I wrote these tips earlier: https://bryanttunbutr.wordpress.com/2016/04/04/how-to-apply-for-your-first-junior-developer-job/ and https://bryanttunbutr.wordpress.com/2015/08/12/how-to-build-an-amazing-resume-for-career-changers/
Here are some additional tips I have:
- Set your LinkedIn profile to open to new jobs and make this visible to everyone including recruiters
- Make your LinkedIn headline be something like Software Engineer Actively Seeking Opportunity
- Connect with technical recruiters every day. Reach the maximum every day. You must have at least 500 total connections. Add recruiters that have a headline of “We’re hiring.”
- Have your resume look nice with enough white space. Avoid typos, too many fonts, strange indentations and spacing. Have multiple people check and proofread. Make your hyperlinks blue to stand out.
- List technologies you used. If you completed a boot camp then list the technologies in the syllabus. Of course be prepared to answer questions and talk about the technologies as well as your role in the project
- Use live links. Recruiters are often non-technical so the live link demonstrates your coding ability. Make sure it looks good on mobile. Invest the money to not have the 30 second load time on Heroku.
- Have a section called “Programming Experience” in your resume.
- Always have an answer to, “What are you building now? What are you learning now?”
- You can and should answer with “I don’t know.” However if you are asked about something similar you can answer that you have similar experience, i.e. “Do you have experience with the ASP.NET MVC framework?” “No but I do with Ruby on Rails which uses the MVC design pattern.”
- Remember that technology is important but the most important thing is solving a business problem. When describing a project try to think in terms of the business results/use cases, i.e. increased profits, decreased expenses. If this is not possible, explain how your work can help business users i.e. “Created charts and graphs which makes data reports easy to understand and access.”
I found this site that offers free coding mentoring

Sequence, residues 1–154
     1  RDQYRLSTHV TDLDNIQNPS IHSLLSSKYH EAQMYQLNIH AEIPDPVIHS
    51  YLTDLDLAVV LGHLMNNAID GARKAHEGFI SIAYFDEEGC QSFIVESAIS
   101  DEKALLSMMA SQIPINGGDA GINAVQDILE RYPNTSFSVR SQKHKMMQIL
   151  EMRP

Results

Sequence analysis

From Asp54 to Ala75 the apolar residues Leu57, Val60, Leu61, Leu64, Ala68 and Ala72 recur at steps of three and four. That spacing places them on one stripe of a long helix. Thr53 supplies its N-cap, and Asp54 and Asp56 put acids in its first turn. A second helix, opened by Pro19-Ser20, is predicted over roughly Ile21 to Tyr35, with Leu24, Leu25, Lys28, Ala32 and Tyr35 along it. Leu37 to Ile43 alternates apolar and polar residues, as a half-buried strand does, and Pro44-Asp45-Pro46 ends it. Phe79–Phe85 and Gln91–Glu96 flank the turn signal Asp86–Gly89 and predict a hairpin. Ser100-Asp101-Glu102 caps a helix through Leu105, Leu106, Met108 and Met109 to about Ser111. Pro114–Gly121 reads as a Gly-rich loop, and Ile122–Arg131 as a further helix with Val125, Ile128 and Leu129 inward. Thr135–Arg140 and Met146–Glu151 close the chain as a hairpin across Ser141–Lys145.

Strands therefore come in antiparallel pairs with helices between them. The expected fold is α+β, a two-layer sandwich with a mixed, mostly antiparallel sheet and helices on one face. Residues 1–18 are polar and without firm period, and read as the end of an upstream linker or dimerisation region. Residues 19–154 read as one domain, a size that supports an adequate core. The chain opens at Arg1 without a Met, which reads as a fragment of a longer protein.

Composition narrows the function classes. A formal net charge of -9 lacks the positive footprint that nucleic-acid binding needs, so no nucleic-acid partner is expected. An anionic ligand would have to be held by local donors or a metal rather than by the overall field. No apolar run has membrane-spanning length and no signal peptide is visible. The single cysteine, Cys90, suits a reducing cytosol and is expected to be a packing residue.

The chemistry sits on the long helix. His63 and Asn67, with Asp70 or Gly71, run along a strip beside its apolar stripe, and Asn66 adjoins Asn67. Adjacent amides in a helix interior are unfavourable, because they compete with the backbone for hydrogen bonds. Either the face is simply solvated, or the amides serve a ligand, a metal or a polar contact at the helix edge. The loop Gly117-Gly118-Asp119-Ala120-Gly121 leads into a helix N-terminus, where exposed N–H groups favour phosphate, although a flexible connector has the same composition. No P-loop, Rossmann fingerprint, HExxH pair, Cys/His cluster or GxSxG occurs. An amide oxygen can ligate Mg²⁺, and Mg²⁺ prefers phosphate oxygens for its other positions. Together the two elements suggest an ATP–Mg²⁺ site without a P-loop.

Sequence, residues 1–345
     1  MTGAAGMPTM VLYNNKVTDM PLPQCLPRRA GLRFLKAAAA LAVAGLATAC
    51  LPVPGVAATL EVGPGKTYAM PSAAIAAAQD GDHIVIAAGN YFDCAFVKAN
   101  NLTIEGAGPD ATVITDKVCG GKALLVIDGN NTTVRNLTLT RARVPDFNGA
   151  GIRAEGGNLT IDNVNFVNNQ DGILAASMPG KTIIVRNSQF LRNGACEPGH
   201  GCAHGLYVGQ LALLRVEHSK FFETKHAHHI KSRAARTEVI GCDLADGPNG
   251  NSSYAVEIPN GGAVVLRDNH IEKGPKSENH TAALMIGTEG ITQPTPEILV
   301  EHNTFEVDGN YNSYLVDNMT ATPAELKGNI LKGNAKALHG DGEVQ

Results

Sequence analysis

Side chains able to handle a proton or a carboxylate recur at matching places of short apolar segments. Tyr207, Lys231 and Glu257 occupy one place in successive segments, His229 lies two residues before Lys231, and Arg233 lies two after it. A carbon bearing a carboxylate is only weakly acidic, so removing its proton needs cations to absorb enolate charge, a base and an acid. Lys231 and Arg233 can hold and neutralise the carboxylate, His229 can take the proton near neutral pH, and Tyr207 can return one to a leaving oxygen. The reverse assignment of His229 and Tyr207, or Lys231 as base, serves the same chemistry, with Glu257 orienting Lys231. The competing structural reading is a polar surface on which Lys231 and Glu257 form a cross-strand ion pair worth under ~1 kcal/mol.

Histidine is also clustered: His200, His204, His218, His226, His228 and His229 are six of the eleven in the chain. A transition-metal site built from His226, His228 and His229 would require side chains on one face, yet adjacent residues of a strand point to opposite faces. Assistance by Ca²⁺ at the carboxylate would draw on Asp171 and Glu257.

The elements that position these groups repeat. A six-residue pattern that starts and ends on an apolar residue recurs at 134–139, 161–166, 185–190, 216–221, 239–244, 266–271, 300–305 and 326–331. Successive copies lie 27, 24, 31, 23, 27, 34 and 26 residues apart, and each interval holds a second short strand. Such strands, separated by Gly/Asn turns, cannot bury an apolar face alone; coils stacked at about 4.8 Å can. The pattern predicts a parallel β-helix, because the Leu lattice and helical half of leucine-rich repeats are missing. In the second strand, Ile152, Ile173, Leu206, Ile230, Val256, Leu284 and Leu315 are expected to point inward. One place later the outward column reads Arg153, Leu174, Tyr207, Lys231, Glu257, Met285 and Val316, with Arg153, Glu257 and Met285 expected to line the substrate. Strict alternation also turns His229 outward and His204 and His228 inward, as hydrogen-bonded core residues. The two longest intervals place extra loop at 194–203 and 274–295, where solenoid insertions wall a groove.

I recently attempted a LeetCode Contest but I could not solve a problem. The reason I could not solve the problem is that even though I knew it was similar to a problem I had worked on previously, I did not know how to solve that previous problem.
Algorithmic problems are based on pattern recognition but that pattern recognition isn’t helpful if too much time has passed.
To increase my retention I am using this schedule https://www.quora.com/Whats-the-best-spaced-repetition-schedule. It is the Fibonacci numbers. I am using Gmail’s ability to snooze emails to the future to practice algorithmic problems that are helpful in solving many other problems.
This is the 2nd Habit of the 7 Habits of Highly Effective People.
I have learned that it is also a habit of highly effective developers. Before starting work it is best to get a very clear picture of what done looks like. This is done by gathering requirements and ideally getting it in writing before starting development.
The results of this is avoiding doing unnecessary work, incorrect work, or work that should not be done at all.
To learn Python for data structures and algorithm interviews (assuming you’re already strong in another language): How I Learned Python in Just 10 Days
To learn by building projects: How to Learn Python Tutorial
To learn by solving problems: Teach Python 3 and web design with 200+ exercises
Here are 2 great resources for learning the answer to this question:
What happens when you click on a URL in your browser
What happens when you type an URL in the browser and press enter?
The way I learned this was by paraphrasing each sentence and visualizing the actions happening. I also use the GMail snooze feature to first review this every day, then every 3 days, then every week, and now it will probably be every quarter.
I started learning from these awesome resources. They were free because of my local library 🙂
With Lynda (now called LinkedIn Learning) I only took one course on Object Oriented Design and it was very clear and concise.
I am impressed with Team Tree House because it is interactive like Codecademy and in depth as well. They also teach how to use documentation and have small projects along the way.
Check out your local library and see if you can get these resources for free 🙂
Here is a great post on meditation to improve as a coder: Meditation will make you a better programmer: Here’s how.
I especially second the recommendation to use the free Insight Timer App.
App Academy’s Ruby on Rails and React Boot Camp is now free! Here is a news article and here is the link to the free boot camp
I recently watched Mission: Impossible – Fallout.
I benefited from watching this movie because Tom Cruise’s character Ethan Hunt would say in impossible situations, “I’ll figure it out!”
When asked what he would do next, Hunt would respond, “I’ll figure it out!”
I have embraced this attitude, which is basically the problem solving mentality. This attitude has helped me have more fun, be more confident, and gain greater competence and skills.
How will I improve even more? I’ll figure it out 🙂